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School store may be coming to Potsdam High School


POTSDAM - If one senior has her way, the Potsdam High School will soon have a new school store that will focus on selling coffee and other snacks.

“I’ve been working for the past couple of months to organize a school store in the high school,” Sarah Choong told board of education members at their recent meeting.

“We used to have one, but that’s not the concept I’m looking at,” she said. “What we’re looking at is trying to capitalize on the sale of coffee at the school.”

Principal Joann M. Chambers said the high school used to house a store that sold school supplies and snacks, although their sales wnet downhill and the store eventually closed after they stopped selling candy.

Ms. Choong said the store would be open from 7 a.m. to 10:40 a.m., so not to conflict with the school’s food services department during lunch. She said proceeds from the store would be used to provide scholarships for the store’s student employees and to help provide relief to the district during tough fiscal times.

“I’m looking to generate revenue for the school,” she said. “Right now we’re looking at donating the money back for the food services department.”

According to Ms. Choong’s business plan, the store would offer four different roasts of coffee that would be purchased locally from St. Lawrence Valley Roasters. They would also sell granola bars and fresh fruit, while generating an estimated just over $5,000 a month in profit.

Ms. Choong said her estimated profits are based on the sale of 2,000 cups of coffee per month, with 59 percent of customers purchasing additional flavoring for their coffee. The figure also includes the sale of 731 granola bars per month and 2,380 pieces of fruit, generating a monthly profit of $5,078.25.

“Assuming that the shop is open for business nine months out of 12, the annual projected profit is approximately $45,705.25,” she wrote in her plan.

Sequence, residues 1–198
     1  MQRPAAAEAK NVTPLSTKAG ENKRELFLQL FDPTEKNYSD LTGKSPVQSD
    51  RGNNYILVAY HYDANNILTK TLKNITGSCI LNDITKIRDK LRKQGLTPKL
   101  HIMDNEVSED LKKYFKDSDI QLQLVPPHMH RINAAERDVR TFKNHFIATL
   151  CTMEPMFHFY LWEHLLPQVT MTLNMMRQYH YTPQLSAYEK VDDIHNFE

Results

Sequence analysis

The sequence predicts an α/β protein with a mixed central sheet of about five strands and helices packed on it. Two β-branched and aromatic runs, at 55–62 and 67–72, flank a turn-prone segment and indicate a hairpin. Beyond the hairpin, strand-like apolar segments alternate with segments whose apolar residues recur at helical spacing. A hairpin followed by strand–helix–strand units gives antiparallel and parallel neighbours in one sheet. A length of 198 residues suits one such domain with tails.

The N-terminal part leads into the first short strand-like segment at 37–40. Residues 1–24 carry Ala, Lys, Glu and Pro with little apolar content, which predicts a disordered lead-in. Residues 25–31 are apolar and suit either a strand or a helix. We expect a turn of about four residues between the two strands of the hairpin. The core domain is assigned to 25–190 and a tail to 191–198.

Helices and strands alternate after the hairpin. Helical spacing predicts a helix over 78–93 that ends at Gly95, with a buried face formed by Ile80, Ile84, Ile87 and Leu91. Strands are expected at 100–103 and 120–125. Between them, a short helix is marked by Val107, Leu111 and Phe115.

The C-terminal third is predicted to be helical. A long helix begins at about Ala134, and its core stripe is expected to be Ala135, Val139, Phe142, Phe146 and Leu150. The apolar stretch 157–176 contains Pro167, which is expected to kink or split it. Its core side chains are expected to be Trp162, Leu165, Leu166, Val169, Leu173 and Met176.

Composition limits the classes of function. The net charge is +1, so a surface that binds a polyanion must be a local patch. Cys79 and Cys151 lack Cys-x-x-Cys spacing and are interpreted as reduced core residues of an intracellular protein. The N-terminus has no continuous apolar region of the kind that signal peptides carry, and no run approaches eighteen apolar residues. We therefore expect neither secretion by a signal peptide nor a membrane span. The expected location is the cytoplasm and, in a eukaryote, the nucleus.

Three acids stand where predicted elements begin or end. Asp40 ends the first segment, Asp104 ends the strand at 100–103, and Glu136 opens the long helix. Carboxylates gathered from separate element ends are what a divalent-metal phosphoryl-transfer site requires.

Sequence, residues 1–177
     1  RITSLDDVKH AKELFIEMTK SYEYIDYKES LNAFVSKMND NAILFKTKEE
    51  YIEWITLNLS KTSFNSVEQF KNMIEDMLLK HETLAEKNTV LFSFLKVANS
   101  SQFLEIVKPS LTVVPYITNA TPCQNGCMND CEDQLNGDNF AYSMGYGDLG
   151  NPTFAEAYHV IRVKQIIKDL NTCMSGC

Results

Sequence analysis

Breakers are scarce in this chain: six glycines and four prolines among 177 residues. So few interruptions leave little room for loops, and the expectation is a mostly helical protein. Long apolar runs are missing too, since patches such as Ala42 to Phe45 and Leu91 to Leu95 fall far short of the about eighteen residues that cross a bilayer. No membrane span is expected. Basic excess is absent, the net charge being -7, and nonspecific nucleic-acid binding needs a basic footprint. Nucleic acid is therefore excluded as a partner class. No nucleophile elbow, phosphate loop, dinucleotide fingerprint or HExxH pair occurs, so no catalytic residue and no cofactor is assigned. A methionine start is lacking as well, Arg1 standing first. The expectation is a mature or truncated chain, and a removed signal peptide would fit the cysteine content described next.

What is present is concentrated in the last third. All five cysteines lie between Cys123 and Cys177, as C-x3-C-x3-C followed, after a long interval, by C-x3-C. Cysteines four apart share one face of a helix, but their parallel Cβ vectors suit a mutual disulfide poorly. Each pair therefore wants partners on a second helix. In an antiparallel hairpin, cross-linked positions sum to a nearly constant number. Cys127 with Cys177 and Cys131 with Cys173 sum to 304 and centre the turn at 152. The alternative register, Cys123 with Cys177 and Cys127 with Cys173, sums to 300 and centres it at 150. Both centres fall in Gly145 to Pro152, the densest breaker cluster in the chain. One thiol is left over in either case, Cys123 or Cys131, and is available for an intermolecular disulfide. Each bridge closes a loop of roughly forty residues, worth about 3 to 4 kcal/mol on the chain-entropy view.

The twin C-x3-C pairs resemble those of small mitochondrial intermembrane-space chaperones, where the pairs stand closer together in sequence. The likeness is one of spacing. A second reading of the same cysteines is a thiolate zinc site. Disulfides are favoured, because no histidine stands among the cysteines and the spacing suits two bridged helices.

A 12 ounce cup of coffee with store’s cup would sell for $1.25, with the price dropping to a $1 with a customer’s cup. Other prices would be 16 ounce cup of coffee with school’s cup, $1.50; customer’s cup, $1.25; additional flavoring, 50 cents; granola bars, 75 cents; and fruit, either apples or bananas, 50 cents.

Ms. Choong said the store would employ a student manager, a student deputy manager, a student treasurer and a student marketing manager, 10 staff members and a faculty advisor, whose stipend would be paid from the store’s profits.

“Students will apply for jobs and be interviewed,” she said, adding employees would work during study hall periods, with potential customers being students who are signed out from study halls or in between classes.

To help generate $2,500 needed to start the business, Ms. Choong proposed selling shares in the store for $10 each, with 5 percent interest to be paid back to the shareholder in two years.

While no members of the board of education said they were against the proposal, Frederick C. Stone Jr., did say that Ms. Choong should look into the legality of selling shares with a guaranteed return rate prior to doing so.

Ms. Chambers said she didn’t have a problem with the proposal, which has not yet been presented to the building’s teachers and maintenance staff.

“The reality is coffee is coming into the school now and often making students late,” she said. “They come into school late, but they have their Dunkin Donuts coffee.”

Superintendent Patrick H. Brady said what Ms. Choong was looking for was an OK from the board to continue moving forward, with her proposal, which is actually doubling as her senior project.

“What we’re asking for tonight is for the board to support the concept of the idea so they can continue planning and take this to the next step, which is talking to the teachers about their concerns,” he said.

With no one from the board voicing opposition, school board President Christopher C. Cowen Jr. said, “It is certainly an interesting model. We will look forward to seeing what we can do to assist you.”

Should the store be successful, Ms. Choong said they could expand their offerings to include school supplies, other healthy snack foods, and test prep materials.

“I think we have a real opportunity to make money for the school,” she said.

Should the store not succeed, Ms. Choong said they would simply close their doors and the school wouldn’t be out anything.

“If it’s found unsuccessful, and I don’t think it will be, we’ll shut it down,” she said, adding closure would come after selling off the store’s inventory, materials and supplies.

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